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A conversation with Joe Waters, co-founder of Capita, about caring for children

Joe Waters has spent his career helping children access the most basic human needs: education, health, stability, security, dignity, and community. In 2018, he co-founded Capita, a think tank that explores how the social, cultural, and environmental changes around us affect families, and how new policies and programs can help all people flourish. His initiatives aim to improve the lives of our youngest children, boost social connection, and help parents feel less alone. Here he discusses why today’s childcare system is “inhumane,” what needs to change, and why trust is the lynchpin of future success.

CAREFULLY: Capita works across many goals, sectors, and populations. Drill it down for us—what’s at the heart of your work?

JOE WATERS: At Capita, our goal is to maximize the conditions for human flourishing by focusing on the earliest years of human life, which is where the foundations for flourishing are laid.

What exactly do you mean by “flourishing?”

At Capita, we understand a life of flourishing to be that which allows individuals and communities to imagine and become what they wish to be with passion, purpose, and excellence.

Economic security is the baseline for human flourishing. But don’t assume economic security is the only thing required for human flourishing. We need children to be cared for! We learned that during the pandemic. Aside from its obvious economic benefits, work has a dignity all its own and is part of human flourishing. So is taking care of our children, trusting the people who take care of them when we’re working, and knowing that their lives are frankly more humane because they’re paid a living wage.

“Few things make parents feel more vulnerable than handing their children over to a stranger for care.”

What role does childcare play in a child’s ability—and potential—to flourish?

There’s a lot we can untangle here. “Care” is a function of our humanity—it’s given and received. “Care” is vitally important for human flourishing, because it’s part of a human life. To do it well is essential for human flourishing.

Now, we have—in the U.S. in particular—a thing called “childcare,” which often is paid and outside the home. Of course, childcare has happened from time immemorial. It is not new, nor does it require a system to be given and received. But we have developed a formal system that, in reality, mostly empowers parents (particularly women) to work. And we want that formal childcare system to ensure care is given and received with as much tenderness and love and dignity for both workers and the children in their care, which we sometimes call “quality.” Our rather technocratic discussions of childcare often cause us to focus less than we should on the tenderness, love, and beauty that is required to do childcare really well in any setting.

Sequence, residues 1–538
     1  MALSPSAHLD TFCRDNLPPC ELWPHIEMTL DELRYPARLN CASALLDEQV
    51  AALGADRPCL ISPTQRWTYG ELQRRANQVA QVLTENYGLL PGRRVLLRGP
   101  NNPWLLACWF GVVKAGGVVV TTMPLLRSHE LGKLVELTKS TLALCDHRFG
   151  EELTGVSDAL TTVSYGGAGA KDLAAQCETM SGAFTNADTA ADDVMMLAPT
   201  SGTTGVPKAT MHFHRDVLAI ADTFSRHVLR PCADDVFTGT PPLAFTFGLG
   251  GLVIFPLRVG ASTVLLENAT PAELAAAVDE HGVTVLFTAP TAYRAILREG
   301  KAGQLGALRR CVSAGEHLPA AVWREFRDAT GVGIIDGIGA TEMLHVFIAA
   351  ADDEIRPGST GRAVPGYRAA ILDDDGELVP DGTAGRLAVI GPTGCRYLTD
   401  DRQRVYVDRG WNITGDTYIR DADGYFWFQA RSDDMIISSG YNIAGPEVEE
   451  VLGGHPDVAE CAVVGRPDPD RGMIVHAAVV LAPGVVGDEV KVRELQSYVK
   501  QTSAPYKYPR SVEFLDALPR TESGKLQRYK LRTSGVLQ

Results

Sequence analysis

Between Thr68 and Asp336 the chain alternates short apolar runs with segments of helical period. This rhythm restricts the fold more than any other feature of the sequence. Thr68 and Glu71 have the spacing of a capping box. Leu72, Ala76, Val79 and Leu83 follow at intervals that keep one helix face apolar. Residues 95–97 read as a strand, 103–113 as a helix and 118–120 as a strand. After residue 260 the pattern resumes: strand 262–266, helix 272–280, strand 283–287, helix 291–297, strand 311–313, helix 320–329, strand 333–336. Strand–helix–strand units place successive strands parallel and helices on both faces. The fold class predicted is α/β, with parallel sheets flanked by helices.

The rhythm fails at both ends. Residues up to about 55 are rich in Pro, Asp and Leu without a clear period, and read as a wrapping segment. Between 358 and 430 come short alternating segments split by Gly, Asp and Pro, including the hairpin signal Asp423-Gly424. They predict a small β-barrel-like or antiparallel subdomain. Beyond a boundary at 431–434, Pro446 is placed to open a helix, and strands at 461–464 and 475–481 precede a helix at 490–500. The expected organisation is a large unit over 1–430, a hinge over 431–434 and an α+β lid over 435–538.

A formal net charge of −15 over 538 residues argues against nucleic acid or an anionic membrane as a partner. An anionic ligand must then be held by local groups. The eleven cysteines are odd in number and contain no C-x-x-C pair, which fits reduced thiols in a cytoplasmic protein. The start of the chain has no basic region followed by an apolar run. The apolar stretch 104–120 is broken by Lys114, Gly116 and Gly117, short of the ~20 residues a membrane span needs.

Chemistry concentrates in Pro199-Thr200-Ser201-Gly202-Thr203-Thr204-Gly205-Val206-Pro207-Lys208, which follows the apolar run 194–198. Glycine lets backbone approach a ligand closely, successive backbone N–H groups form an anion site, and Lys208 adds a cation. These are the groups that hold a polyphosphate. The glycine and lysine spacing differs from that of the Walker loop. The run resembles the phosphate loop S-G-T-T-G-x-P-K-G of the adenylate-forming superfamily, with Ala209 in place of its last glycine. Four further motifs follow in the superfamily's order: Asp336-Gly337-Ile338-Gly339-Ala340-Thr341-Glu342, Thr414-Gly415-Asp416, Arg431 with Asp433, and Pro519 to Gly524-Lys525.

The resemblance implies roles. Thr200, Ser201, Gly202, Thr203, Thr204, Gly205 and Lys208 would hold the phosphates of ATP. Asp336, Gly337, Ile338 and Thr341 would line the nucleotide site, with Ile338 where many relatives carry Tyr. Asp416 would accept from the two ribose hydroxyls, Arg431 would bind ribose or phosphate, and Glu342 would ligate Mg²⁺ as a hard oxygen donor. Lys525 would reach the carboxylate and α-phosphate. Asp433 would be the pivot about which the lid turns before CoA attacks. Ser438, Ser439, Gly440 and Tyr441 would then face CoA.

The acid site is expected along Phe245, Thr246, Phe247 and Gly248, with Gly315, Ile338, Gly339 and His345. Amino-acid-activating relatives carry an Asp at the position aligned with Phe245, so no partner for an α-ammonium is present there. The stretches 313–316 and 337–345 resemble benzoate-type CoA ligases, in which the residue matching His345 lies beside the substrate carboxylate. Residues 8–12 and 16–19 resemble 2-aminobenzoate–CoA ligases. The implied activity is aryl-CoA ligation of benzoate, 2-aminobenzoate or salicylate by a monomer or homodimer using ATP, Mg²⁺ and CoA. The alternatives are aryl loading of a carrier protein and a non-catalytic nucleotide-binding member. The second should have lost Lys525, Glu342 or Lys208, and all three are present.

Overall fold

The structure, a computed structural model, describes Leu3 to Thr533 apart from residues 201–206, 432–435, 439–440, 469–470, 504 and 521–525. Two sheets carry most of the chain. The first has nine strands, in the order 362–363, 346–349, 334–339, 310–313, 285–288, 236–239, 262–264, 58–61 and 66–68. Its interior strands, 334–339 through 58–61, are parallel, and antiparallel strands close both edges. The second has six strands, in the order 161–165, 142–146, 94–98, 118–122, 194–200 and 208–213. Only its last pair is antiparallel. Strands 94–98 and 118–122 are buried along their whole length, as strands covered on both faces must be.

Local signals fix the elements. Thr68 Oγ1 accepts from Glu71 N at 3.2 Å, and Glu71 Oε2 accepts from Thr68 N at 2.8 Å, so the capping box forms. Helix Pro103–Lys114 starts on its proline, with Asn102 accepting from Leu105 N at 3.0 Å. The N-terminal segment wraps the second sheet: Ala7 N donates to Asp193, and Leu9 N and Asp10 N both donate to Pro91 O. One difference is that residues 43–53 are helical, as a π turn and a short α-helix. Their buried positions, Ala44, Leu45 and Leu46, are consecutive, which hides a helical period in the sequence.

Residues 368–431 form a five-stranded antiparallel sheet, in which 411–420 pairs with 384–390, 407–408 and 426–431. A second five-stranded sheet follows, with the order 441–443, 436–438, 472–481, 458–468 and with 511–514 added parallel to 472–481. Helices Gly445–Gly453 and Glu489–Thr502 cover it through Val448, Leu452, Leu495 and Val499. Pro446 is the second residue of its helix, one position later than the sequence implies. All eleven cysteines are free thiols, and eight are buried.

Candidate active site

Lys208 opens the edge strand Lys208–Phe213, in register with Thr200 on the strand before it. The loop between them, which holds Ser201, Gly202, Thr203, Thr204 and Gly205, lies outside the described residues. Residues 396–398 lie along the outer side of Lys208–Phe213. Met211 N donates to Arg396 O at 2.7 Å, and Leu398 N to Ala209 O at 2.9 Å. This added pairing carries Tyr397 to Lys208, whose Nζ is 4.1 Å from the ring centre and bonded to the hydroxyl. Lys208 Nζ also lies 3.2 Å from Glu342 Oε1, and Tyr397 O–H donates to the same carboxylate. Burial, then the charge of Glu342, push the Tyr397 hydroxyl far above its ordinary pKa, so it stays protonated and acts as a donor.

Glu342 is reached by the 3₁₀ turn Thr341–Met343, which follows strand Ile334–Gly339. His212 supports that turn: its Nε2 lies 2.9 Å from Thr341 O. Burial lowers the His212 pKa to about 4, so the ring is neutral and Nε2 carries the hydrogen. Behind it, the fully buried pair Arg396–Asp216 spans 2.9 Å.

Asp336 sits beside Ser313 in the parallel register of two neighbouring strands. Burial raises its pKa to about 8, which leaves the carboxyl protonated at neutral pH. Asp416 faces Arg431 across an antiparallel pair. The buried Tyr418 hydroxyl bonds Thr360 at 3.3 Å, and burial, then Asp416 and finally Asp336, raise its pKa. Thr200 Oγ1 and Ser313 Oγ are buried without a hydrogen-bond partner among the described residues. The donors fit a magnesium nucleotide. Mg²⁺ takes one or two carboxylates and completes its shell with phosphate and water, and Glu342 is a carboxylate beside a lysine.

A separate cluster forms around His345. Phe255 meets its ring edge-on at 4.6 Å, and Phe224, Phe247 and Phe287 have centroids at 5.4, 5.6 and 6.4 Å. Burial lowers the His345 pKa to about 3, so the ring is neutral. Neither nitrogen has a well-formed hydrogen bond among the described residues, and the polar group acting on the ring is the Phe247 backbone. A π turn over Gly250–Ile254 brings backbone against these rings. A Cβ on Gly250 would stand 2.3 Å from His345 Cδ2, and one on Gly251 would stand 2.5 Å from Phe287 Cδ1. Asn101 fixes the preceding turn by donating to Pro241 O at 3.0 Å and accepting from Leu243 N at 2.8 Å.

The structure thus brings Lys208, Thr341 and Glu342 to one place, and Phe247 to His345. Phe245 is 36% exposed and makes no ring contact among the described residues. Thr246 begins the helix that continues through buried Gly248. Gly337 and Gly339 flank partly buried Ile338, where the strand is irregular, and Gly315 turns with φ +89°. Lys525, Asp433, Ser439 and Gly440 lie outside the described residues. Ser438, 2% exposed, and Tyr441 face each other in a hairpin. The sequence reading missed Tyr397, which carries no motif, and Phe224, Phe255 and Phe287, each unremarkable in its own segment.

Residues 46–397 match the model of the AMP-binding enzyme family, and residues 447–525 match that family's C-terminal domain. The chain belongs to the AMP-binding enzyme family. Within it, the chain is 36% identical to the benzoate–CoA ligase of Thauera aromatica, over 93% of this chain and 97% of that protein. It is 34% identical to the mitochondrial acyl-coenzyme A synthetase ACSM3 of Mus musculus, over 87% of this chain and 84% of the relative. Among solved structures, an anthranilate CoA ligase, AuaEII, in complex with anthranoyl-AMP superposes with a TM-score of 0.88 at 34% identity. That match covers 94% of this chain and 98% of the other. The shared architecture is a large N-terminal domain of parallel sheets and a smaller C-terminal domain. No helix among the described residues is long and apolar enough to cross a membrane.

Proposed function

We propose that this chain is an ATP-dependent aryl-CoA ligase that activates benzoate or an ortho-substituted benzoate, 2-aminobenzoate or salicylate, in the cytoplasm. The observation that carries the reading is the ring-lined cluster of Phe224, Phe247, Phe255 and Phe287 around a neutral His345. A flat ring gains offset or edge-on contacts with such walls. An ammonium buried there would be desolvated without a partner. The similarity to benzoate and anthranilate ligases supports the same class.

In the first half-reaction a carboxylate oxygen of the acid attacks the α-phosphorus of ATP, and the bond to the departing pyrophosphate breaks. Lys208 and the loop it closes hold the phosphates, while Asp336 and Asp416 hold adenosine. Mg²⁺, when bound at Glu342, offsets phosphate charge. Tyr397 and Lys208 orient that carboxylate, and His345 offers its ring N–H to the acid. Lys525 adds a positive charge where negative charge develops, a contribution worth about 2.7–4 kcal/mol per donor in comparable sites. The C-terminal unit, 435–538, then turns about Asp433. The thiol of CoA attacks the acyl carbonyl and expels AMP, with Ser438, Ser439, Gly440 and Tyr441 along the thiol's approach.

Joe Waters. Photo by Je'nine May

Why is it so hard for families to access quality care?

Many families are dissatisfied with their care arrangements, which gets at something fundamental but not talked about: Our economy is often barbaric and inhumane. It forces low- and middle-income families to choose childcare arrangements they do not want, in order to work, because in this country, both parents have to be in the workforce (sometimes working multiple jobs) to meet basic needs, and we don’t have paid parental leave.

This is really a challenge. Our economy keeps parents in particular from giving the care that they want to give. One thing I like about Carefully is that it maximizes choice and opportunity for parents.

And what happens when a family does have quality care for their children?

It humanizes care for everyone involved: parents, children, and the caregivers. It brings it back to a human scale, and a more human dimension.

I’m now wondering if you even like the word “childcare.”